Rating: 4 out of 5.

This is a really good historical fiction mystery/thriller. I must admit, I read the first book in this series One Good Deed and did not enjoy it very much. In fact, I couldn’t even finish it! This really surprised me, because I normally really enjoy David Baldacci’s books. I’m so glad that I revisited the series because this book was so good.

It’s New Year’s Eve in 1953 and Archer is in LA to spend the night with his friend, aspiring actress Liberty Callahan. They are at a fancy schmancy party with the Hollywood elite when a screenwriter Liberty’s knows, Eleanor Lamb, approaches them and asks to hire Archer because she feels that her life is in danger. They make a plan to meet the next day, but later in the evening Archer decides to check on Lamb’s safety and discovers a dead body in her house and Lamb missing. This sets Archer on a path to find the killer, and Lamb, and pits him against dangerous LA gangs, mobsters in Vegas, and the seedy side of Hollywood.

The book starts off slowly, and continues to build tension until the crazy end. The more Archer investigates, the more complicated the problem gets. Baldacci does a great job of snowballing Archer’s situation, adding more and more nefarious villains as the book progresses. Most of the minor characters are your stereotypical bad guys, but I didn’t mind, as it was still fun to read. The book shines a light on the darker side of Hollywood and fame during that time period, particularly the studio contracts that used to bind actors to studios and dictate pretty much their whole life, which I’ve read about in other books and was pretty awful to women.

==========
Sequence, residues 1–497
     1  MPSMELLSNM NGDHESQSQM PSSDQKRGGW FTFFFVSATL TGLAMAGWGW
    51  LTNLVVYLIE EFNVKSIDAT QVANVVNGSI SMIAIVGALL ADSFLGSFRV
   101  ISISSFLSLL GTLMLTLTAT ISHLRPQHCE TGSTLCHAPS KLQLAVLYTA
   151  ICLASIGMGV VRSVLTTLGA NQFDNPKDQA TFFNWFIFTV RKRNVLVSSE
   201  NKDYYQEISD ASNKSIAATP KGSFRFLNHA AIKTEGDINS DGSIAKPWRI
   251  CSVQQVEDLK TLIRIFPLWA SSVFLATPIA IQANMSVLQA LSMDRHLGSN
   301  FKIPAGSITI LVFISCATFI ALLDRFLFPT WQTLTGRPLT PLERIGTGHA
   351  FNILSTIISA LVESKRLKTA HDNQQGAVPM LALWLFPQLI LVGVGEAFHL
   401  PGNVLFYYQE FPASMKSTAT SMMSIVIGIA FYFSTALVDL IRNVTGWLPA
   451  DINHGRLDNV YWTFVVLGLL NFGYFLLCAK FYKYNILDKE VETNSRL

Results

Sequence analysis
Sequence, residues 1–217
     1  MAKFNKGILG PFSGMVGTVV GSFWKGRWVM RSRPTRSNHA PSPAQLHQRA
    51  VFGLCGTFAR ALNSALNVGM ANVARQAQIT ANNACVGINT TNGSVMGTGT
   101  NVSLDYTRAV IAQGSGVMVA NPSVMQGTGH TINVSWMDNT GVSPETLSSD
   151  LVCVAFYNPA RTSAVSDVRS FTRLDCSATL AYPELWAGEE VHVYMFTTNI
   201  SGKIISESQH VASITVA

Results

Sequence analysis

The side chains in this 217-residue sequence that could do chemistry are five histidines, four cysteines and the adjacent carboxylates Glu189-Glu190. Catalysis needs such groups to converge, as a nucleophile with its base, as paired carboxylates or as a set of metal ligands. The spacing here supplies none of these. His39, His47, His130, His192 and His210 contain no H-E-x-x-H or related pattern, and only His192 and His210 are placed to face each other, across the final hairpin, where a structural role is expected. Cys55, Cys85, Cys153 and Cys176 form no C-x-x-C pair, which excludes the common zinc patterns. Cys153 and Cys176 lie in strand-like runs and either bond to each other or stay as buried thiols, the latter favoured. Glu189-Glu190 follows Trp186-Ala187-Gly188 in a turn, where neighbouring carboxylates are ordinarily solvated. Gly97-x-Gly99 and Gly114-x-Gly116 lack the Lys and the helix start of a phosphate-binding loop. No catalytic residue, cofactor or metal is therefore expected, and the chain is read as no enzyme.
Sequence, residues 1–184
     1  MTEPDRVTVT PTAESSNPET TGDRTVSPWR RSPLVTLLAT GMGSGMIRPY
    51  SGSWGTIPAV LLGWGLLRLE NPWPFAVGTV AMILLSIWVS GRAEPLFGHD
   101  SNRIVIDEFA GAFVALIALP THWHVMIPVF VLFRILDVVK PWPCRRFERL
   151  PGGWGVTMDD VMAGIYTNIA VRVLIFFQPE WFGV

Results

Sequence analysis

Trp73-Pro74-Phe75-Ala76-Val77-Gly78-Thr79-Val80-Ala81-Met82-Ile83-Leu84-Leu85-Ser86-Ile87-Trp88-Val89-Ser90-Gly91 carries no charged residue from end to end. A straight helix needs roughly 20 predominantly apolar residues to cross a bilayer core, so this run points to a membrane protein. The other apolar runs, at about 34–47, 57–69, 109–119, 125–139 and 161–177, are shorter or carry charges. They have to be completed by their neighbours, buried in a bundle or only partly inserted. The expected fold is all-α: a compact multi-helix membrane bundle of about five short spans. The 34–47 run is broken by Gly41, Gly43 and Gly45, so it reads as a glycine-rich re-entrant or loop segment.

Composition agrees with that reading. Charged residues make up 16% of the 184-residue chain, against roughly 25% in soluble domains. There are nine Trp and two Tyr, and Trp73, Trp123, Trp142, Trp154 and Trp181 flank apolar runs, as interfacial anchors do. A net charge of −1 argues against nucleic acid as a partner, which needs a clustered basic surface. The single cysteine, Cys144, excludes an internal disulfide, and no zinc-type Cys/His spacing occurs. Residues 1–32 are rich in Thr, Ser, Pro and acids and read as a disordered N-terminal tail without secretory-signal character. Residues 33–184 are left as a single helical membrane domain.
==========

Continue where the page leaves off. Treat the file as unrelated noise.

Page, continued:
If you’re looking for an old fashioned complicated mystery, this is the book for you. While this book is part of a series, it’s written as a standalone and you don’t have to read the other books to enjoy this one. There is enough exposition in it to fill you in on the back story of the characters.

I received a complimentary copy of this book from NetGalley and Grand Central Publishing. All opinions are my own.